[11] Foley, Kerry's Football Story, p. 169. Please note the spelling 'Valencia' and 'Valentia' were both used for the island up until modern times. For clarity I have stuck with the modern spelling of 'Valentia'.   
[12] United Ireland (UI), 6 June 1885..
[13] Marcus De Búrca, The GAA A History,2nd edition (Dublin, 1999), p. 21.
[14] James Donnelly, The Land and the People of Nineteenth Century Cork. The Rural Economy and the Land (London, 1975), p. 363. 
[15] KS, 10 November 1888.
[16] Foley, Kerry's Football Story, p. 169.
[17] Comparing the rugby line up KS, 18 Feb 1888 with Laune Rangers team KS, 6 Aug 90. Players are JP O'Sullivan, Patsy Sheehan, Pat Hurley, Jim Curran , P O'Sullivan, Moss O'Brien, Dan P Murphy, M O'Sullivan, Pat Teahan, Jim  J. O'Sullivan.
[18] KS, 27 October 1888/ De Búrca, The GAA, p. 49.
[19] KS, 2 February 1889. There is a fascinating theory put forward by a historian of Tralee RFC that the colours which were adopted by Tralee Mitchels and which would in turn become the famous Kerry colours; green and gold, were derived from Mitchels use of the Green and Orange jerseys of Tralee RFC when they played during their formative year. Gordon Revington (Ed), Tralee Rugby Football Club 1882-1982 (Tralee, 1983), p. 18. 
[20] KS, 19 April 1890.  The player in question was E Bernard.
[21] Ibid, 10 May 1890.
[22]Ibid, 30 November 1889. Clubs affiliated were: Abbeydorney, Aghadoe, Ballyduff, Ballymcelligott, Caherciveen, Camp, Callinafercy, Castlegregory, Castleisland, Cordal, Currans, Dingle, Irremore, Keel, Kenmare, Killarney, Killorglin Laune Rangers, Kilmoyley, Knockanure, Knocknagoshel, Lispole, Listowel, Listry, Lixnaw, Milltown, Muckross, O'Brennan, Rathmore, Tralee Mitchels, Tralee Red Hughs, Tralee Amateur, Tuogh and Waterville.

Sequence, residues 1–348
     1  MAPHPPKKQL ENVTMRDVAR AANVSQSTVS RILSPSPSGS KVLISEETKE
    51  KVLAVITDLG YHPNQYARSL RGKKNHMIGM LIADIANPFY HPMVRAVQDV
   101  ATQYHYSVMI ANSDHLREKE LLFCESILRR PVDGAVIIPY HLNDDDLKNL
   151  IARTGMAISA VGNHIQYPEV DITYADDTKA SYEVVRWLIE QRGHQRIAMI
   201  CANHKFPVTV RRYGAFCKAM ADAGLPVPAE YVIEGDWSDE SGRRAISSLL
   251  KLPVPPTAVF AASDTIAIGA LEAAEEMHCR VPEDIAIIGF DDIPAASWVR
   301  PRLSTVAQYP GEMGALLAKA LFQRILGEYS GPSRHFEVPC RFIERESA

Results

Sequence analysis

[23] Donnelly, Land, p. 364.
[24] Tom Hunt, 'The GAA Social Structure and Associated Clubs', in M Cronin, W Murphy & P Rouse, (eds), The Gaelic Athletic Association, 1884-2009 (Dublin, 2009), pp. 184-5.
[25] KS, 7 Jan 1891.
[26] National Archives of Ireland, Crime Branch Special Index 4467/S; Report on the GAA at the End of the Year 1891, 25 February 1892.
[27] KS, 22 May 1901.
[28] De Burca, The GAA, p. 48.
[29] Ibid, p. 54.
[30] KS, 31 March 1897.
[31] See KS, 12/22 December 1894 for matches against Dingle and Garrison team from Ballymullen Barracks in Tralee.
[32] KS, 9 January 1895. On North Munster team were Tralee players: Full Back-Mangan, Quarters, Morris, and Forwards: Richardson, Cunningham and Revington.
[33] Jim Larner (ed.), Killarney, History and Heritage (Cork, 2005), p. 259.
[34] Players names taken from following teams: Tralee RFC 1897/1899/1900/1902, Tralee Wreckers 1900, Tralee Pioneers RFC 1900, Killarney RFC 1898/1899, St Brendan's Seminary Killarney team 1899. 
[35] See Hunt, 'The GAA Social Structure' for these social categories.
[36] Hunt, 'The GAA Social Structure', p. 184.
[37] KS, 26 November/31December 1898.
[38] Ibid, 21 Dec 1898.
[39] Ibid, 17 Jan 1900.
[40] Ibid, 17 Jan 1900. The players were; Rowan, Dobbs, Prendiville and Spencer.
[41] Ibid, 10 Feb 1900.
[42] KS, 7 April 1900.
[43] Ibid, 7 April 1900.
[44] De Burca, The GAA, p. 67.
[45] KS, 10 Aug 1895.
[46] TF O'Sullivan addressing adjourned Annual Convention of GAA in Thurles, 15 December 1901, KS, 18 Dec 1901.  
[47] J Anthony Gaughan, Listowel and its Vicinity (Cork, 1973), p. 249.
[48] KS, 29 April 1899.
[49] Kerry Weekly Reporter (KWR), 10 Feb 1900.
[50] KS, 31 May 1900.
[51] KS, 15 Sept 1900.
[52] T.F. O'Sullivan, Story of the GAA (Dublin, 1916), p. 1.
[53] De Burca, The GAA, p. 67.
[54] KS, 18 Dec 1901.
[55] 'The G.A.A. and English Pastimes', in Cork Examiner, reprinted in KS, 11 Jan 1902.
[56] KS, 8 Feb 1902. 
[57] Ibid, 22 Feb 1902.
[58] Ibid, 22 March 1902.
[59] Ibid, 10 Dec 1902.
[60] Kerryman (KM), 11 Feb 1905.
[61] A Public meeting to revive Tralee RFC was held on 9 February 1926, at which attendants decided to re-affiliate to Munster Branch and enter the Munster Cup competition for the following season. KM, 13 Feb, 1926. 
[62] At the meeting to reform the rugby club in Killarney in April 1928, the Earl of Kenmare was elected president while the vice presidents selected were, Senator William O'Sullivan, Major John MacGillycuddy, The MacGillycuddy of the Reeks, Bishop Denis Moynihan and Dean Rowan. KM, 5 May 1928.